Christina Hardyment, The Times
Jane Austen was born on 16 December 1775, the seventh child of the family. At that time, her father was Rector of the Hampshire village of Steventon, near Basingstoke. She became a well-educated young woman: together with her sister Cassandra she was sent to good boarding schools in her early years, before continuing her education at home with her father. By the time her first novel reached publication Jane was in her mid thirties, but in fact had already been writing for many years. Her earliest pieces, written when she was just a girl, were for the amusement and entertainment of her family, and she particularly enjoyed penning burlesques of popular romances. A History of England by a Partial, Prejudiced and Ignorant Historian was one of her early, unpublished works and suggests her natural gift for gentle irony, a style which is evident throughout Mansfield Park.
Following the death of her father in 1805 Jane lived in Southampton, until, in 1809, with her mother and sister she moved to Chawton in Hampshire, to a home provided by her brother. Likewise, in Fanny Price, Jane creates a heroine who is dependant on the generosity of her relatives to provide her with a home at Mansfield Park. Here, she becomes increasingly fond of Edmund Bertram who, in becoming a clergyman, parallels Jane Austen’s father as well as two of her brothers.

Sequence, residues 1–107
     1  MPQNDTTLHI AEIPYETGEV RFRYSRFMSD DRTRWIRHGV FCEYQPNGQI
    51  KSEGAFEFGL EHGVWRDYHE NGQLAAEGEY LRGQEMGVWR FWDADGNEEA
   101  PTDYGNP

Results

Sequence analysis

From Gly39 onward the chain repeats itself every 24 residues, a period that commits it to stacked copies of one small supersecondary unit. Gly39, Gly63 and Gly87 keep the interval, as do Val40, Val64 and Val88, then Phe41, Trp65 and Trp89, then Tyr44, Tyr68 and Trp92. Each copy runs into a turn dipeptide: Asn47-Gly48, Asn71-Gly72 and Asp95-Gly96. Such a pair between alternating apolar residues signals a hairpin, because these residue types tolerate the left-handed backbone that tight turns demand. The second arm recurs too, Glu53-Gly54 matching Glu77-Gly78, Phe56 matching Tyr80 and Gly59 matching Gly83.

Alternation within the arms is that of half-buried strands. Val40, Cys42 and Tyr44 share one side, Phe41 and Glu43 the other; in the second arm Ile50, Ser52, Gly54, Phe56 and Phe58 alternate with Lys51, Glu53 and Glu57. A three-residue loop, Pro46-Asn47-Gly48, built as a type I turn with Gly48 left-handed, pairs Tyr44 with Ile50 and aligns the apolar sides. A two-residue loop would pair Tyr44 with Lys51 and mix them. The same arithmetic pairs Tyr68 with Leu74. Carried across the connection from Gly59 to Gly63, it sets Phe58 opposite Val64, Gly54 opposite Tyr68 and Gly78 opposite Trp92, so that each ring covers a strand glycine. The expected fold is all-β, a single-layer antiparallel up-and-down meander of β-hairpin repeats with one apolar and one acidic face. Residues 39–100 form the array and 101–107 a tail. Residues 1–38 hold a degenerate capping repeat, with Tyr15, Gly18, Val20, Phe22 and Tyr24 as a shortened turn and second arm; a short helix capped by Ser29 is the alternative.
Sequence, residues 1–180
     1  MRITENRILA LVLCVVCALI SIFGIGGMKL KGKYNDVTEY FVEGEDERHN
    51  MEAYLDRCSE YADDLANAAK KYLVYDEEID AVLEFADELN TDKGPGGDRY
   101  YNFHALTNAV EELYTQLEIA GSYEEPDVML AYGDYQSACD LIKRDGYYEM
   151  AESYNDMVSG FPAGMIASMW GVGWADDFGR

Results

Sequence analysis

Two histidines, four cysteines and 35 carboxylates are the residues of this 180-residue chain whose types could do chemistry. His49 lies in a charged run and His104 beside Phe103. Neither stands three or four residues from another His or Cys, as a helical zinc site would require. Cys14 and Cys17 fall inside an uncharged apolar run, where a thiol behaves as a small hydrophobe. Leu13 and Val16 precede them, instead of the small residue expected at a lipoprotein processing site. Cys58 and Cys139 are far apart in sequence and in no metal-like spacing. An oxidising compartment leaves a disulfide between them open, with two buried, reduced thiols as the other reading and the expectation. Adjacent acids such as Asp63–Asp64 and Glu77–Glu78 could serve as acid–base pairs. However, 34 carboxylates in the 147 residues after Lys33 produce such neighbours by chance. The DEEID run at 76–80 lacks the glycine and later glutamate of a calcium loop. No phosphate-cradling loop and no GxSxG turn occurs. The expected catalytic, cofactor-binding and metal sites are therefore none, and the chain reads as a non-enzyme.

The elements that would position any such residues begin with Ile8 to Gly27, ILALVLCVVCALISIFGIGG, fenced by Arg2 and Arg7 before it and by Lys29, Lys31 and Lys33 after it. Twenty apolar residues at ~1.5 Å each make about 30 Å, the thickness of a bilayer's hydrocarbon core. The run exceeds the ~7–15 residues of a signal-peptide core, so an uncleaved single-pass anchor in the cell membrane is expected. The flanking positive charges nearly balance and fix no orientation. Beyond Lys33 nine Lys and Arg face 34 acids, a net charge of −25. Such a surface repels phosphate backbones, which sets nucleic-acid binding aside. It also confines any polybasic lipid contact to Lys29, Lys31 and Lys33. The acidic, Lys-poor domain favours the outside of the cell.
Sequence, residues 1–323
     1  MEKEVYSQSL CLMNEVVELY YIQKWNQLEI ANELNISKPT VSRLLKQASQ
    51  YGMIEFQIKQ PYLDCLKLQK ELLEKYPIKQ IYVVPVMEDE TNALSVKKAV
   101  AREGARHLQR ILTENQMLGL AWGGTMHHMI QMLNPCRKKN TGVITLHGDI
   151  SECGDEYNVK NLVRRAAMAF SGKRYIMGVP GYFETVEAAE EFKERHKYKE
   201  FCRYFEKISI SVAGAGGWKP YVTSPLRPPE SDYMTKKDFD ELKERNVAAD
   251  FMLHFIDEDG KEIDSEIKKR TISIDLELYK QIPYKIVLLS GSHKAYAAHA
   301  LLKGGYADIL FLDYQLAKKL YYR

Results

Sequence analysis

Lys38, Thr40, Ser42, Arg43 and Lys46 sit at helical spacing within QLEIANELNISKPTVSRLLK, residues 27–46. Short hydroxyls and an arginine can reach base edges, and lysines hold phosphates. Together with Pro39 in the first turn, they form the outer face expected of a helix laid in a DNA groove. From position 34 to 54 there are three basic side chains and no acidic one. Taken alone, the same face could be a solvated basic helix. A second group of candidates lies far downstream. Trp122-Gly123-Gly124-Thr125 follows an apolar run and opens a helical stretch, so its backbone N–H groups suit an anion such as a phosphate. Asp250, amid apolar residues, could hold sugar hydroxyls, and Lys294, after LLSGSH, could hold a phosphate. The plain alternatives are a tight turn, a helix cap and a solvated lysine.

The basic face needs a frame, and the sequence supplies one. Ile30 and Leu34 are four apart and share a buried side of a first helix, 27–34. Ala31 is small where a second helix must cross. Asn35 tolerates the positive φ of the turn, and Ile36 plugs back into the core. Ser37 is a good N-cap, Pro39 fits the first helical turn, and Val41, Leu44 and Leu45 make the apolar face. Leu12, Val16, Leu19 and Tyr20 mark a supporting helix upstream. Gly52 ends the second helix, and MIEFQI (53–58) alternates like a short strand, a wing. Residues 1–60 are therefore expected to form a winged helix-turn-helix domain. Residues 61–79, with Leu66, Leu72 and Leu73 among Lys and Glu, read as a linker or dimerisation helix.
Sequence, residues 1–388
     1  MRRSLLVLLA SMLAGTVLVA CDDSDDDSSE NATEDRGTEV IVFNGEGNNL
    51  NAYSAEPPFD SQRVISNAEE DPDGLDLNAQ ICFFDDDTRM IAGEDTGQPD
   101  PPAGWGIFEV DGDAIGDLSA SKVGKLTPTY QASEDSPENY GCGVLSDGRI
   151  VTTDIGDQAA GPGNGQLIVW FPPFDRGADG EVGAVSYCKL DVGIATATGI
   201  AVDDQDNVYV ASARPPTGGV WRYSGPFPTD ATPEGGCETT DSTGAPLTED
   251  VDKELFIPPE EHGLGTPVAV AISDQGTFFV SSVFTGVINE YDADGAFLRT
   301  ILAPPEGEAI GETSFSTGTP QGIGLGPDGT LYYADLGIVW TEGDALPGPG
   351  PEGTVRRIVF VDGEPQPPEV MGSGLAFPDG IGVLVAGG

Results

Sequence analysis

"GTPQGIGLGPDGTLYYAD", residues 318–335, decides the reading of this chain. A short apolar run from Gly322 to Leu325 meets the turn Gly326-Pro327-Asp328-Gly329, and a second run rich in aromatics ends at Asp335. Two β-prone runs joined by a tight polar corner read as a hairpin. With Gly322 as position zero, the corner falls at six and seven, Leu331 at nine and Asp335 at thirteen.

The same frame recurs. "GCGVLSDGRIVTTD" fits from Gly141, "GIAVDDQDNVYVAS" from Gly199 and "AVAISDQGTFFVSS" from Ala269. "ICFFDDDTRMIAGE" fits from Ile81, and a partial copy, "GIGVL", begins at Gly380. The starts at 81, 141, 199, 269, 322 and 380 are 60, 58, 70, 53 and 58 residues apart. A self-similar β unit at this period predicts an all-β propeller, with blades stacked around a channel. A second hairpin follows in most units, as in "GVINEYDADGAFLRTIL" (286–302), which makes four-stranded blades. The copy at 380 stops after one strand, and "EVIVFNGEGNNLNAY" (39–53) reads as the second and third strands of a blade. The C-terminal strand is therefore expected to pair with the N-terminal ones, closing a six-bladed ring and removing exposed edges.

Morality in Regency England is closely examined in Mansfield Park. Jane Austen gives us Sir Thomas’s behaviour as an example of the traditional eighteenth century morality, whilst the start of early nineteenth century social conscience is exemplified by Fanny, and Regency England’s superficiality demonstrated in the Crawfords’ moral ambiguity. Another of the themes in Mansfield Park is that of growing up. Immature at the start of the story, we see Fanny’s development from a timid girl to a young woman who has acquired self-knowledge. This is achieved through her growing integration into the world of Mansfield Park and her experiences of relationships with Edmund Bertram and Henry Crawford. Indeed marriage forms another main theme of Mansfield Park. Jane Austen herself, however, never married. She was reputed to have had several romantic attachments, and did once receive a proposal of marriage from a wealthy Hampshire landowner. This she accepted, only to retract the following morning.